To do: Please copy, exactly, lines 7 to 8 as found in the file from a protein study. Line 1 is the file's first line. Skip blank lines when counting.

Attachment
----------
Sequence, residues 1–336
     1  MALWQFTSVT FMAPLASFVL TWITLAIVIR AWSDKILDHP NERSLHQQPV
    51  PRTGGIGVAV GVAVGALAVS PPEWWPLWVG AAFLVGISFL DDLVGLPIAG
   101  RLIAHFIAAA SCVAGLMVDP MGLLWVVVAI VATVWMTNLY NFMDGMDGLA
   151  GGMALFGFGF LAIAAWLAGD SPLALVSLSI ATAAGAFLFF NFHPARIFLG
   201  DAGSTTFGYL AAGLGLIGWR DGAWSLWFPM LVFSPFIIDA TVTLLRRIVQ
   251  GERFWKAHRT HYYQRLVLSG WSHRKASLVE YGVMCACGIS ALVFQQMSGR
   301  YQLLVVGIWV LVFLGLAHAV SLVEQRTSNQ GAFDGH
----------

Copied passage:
   251  GERFWKAHRT HYYQRLVLSG WSHRKASLVE YGVMCACGIS ALVFQQMSGR
   301  YQLLVVGIWV LVFLGLAHAV SLVEQRTSNQ GAFDGH